For example, analyzing claims and consumption data can highlight a patient segment that tends to skip dosages during the first month of treatment and abandon therapy completely within six months. New direct-to-patient channels, such as patient hubs and social media, can be used to reach such patients directly with planned interventions that could improve adherence."

Building on this concept, Dickson recommends the following actions to improve patient adherence during a pandemic:

  1. Tailor communications based on patient risk scores.

    Send a positive message to lay the foundation and express care, "Hey, here's why you need to come in." At the same time, and in a very pointed way point out the things that providers and health system are doing to keep patients safe (e.g., telehealth, virtual waiting room, separate entrances, masks, etc.).

    Additionally, consider all demographic information when tailoring communications. For example, does changing content impact no-show rates? Low overall literacy may impact health literacy and may require simpler and more positive words to positively impact adherence.

  2. Organizations that triage can make the best uses of what they have—even incorporate mental health as a component of the adherence strategy. Dickson also cautions that mental health contributes to non-adherence during a pandemic. "People are isolated. They have little or no access to support systems. Fearful of losing their jobs. Fearful of getting COVID," he said. "They stop adhering and they get sicker and sicker,  which then affects their mental health. It's a dangerous downward spiral and the number one reason patients miss appointments right now."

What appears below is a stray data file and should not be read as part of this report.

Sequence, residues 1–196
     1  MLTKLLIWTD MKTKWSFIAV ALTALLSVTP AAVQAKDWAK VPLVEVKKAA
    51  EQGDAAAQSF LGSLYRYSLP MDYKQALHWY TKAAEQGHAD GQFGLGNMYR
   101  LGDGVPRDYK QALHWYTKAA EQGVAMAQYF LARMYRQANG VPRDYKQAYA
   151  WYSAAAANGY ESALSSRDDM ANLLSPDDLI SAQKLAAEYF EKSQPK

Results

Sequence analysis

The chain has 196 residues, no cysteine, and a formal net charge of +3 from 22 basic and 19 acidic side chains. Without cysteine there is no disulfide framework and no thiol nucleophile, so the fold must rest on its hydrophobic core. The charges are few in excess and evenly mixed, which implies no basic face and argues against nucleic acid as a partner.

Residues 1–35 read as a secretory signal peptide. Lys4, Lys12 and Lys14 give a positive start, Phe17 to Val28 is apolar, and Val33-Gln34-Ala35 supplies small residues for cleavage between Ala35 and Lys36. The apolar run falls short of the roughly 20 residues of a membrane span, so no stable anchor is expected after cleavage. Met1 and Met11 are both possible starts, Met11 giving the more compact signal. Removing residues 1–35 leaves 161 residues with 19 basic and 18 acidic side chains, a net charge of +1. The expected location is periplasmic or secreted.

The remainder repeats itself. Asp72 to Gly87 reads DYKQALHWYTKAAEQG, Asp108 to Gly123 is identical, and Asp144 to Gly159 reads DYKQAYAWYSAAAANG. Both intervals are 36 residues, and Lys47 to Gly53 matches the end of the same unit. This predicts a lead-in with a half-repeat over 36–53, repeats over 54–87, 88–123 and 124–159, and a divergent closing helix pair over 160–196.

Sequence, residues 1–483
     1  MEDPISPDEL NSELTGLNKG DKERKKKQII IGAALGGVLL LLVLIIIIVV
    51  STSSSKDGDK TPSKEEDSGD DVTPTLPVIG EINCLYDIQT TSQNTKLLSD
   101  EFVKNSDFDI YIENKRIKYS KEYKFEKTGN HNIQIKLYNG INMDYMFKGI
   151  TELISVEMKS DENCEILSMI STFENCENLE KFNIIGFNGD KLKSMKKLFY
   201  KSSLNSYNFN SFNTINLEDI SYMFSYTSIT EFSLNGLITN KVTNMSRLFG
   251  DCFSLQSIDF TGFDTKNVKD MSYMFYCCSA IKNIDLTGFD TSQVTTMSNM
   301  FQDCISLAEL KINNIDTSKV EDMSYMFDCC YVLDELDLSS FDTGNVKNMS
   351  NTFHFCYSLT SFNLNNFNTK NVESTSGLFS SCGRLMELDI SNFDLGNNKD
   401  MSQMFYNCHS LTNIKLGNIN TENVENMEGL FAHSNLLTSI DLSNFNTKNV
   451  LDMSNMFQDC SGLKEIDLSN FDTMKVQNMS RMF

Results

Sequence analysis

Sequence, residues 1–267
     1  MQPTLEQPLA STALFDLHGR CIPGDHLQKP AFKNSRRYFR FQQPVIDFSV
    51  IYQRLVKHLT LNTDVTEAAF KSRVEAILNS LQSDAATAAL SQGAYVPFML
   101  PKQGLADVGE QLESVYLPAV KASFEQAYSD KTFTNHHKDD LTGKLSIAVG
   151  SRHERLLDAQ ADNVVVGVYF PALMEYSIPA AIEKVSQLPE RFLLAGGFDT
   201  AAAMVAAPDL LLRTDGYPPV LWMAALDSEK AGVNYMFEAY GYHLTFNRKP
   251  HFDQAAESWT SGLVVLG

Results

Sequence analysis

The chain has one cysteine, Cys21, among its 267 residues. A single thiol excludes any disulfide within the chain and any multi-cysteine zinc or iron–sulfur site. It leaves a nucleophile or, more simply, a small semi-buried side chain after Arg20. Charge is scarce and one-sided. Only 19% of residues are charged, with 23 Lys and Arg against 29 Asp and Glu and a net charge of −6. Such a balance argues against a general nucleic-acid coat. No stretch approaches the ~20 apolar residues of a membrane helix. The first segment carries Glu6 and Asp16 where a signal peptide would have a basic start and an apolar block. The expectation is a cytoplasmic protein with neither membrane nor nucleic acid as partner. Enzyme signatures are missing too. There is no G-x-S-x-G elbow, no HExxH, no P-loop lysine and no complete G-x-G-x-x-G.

3. Conduct targeted analysis for key areas such as post-discharge to help inform strategies. Ask questions about what that population looks like after treatment. What is my incidence of people in the ER with a stroke? Are they adhering to a treatment plan? What is the financial impact?
  4. Run a/b tests to begin to detect behavior. As the organization collects more data, determine which set of methodologies (cadence, method, etc.) get people to take action. Dickson suggests that systems use very specific messaging based on more data points. The more personalized the better. An 82-year-old patient with cognitive or emotional challenges is going to need a very different patient engagement strategy than a 30-year-old patient.

According to Dickson, "Messaging that doesn't lead to action makes your budget meaningless. The idea is that you have to be smarter with your spend."

To hear more about how healthcare organizations can raise adherence levels and contribute to better patient outcomes—even in the middle of a pandemic watch our free on-demand webinar: Patient Adherence-The Hidden Costs of COVID-19.

COVID-19 is impacting patient adherence. Learn tips for building a more cohesive patient adherence plan. Watch webinar.